World War I, Family Hero – William George Blanchard

Many years ago, when I seriously began researching my maternal grandmothers family ‘The Bells,’ I was very fortunate to be able to track down various branches including the Blanchard family, who had migrated to Western Australia. These were first cousins of my maternal grandmother, Harriet May Bell.

 William George Blanchard, born 1885,at Picton, New South Wales, was the second child, and eldest son of Joseph and Alice Blanchard (nee Bell). Through family connections, I found and corresponded with, his eldest son, Charles William (Charlie) Blanchard, for a number of years. He was able to tell me his father had served in World War I, and that his ‘job was to drive ammunition trains to the Front Line’. I was able to access William George Blanchard’s military service records at the Australian Archives, but these were basic, and had very little actual information. I also visited the Australian War Memorial seeking information on these ‘engine drivers,’ but found very little in official records. Even recent searches on the Internet had little success.

However this week I struck ‘gold’ in the historical newspapers on TROVE at the National Library of Australia. Now using family oral history, Australian Archives World War I military service records and extracts from the newspapers I have been able to add much information to this Blanchard twig of my family history.

 When a young child, William George, along with the family moved to Western Australia where the father, Joseph Blanchard found employment as an engine driver on the Midland Junction Railway. In 1906 Joseph Blanchard died suddenly leaving his wife Alice Blanchard with seven children. William George, the eldest of the children had also found employment in the railway by this time.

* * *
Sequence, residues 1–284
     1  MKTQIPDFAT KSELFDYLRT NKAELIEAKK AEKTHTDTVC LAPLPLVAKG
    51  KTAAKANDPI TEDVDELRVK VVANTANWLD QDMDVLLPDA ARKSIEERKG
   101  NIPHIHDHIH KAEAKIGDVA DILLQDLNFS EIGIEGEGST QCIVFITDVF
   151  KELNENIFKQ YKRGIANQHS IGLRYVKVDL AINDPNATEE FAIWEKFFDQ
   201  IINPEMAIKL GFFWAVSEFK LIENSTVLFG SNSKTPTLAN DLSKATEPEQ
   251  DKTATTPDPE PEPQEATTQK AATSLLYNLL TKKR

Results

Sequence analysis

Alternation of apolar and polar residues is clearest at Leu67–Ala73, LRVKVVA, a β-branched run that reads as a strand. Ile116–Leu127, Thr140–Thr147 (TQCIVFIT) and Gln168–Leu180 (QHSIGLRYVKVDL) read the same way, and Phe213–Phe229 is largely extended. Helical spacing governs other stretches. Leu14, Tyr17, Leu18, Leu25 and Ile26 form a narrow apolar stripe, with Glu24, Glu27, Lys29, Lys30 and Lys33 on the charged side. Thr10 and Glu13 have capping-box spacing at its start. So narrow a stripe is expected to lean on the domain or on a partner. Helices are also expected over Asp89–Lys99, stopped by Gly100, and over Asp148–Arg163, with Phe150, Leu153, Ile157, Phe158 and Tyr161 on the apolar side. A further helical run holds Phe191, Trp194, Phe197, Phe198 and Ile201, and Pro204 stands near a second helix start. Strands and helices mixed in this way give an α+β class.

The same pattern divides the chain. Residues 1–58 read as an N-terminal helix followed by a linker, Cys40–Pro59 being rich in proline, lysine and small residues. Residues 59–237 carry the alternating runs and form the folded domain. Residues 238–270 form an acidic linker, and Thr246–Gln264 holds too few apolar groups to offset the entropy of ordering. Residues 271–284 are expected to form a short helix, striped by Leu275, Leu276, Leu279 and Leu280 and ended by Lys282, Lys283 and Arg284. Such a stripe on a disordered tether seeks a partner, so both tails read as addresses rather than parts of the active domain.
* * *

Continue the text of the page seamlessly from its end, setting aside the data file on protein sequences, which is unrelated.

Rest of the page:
William George Blanchard married Maud Lyons in 1908. They had a family of three surviving sons by the time World War I had been declared.

William George Blanchard had served several years in the local militia. He tried to enlist in the Australian Imperial Forces in April 1916, but was turned down for medical reasons. In December the same year he applied to join the newly formed Railway Corps. He was finally accepted and was put into basic training. In January 1917 he was promoted to Sergeant and on 21 January embarked at Freemantle on the troopship ‘Miltiades’ for overseas service.


The ‘Miltiades’ was of 7814 tons and a cruising speed of 13 knots. It was owned by G Thompson and Company of London and was leased by the Government for the transporting of troops and supplies from Australia in World War I.

 William George Blanchard disembarked at Devonport, England on 27 March 1917 and after further training was deployed overseas in France on 19 April 1917. On 12 October 1917 he was attached to the (British)Royal Engineers for special duties. [See below] While there, he ‘ was reprimanded by his commanding officer for failing to salute a ( British) officer’ — and I bet he wasn’t the only one.

He became ill in May 1918 and was admitted to Lakenham Military Hospital in Norwich, England.

 This Military Hospital was located in the premises of Lakenham Council School, which had only been built by the City Council in 1913.It had scheduled to receive its first pupils in August 1914. In fact, with the outbreak of First World War hostilities, its intended use for educational purposes was delayed until 1919, because the premises were requisitioned by the Army Council for use as a military hospital. [Ref: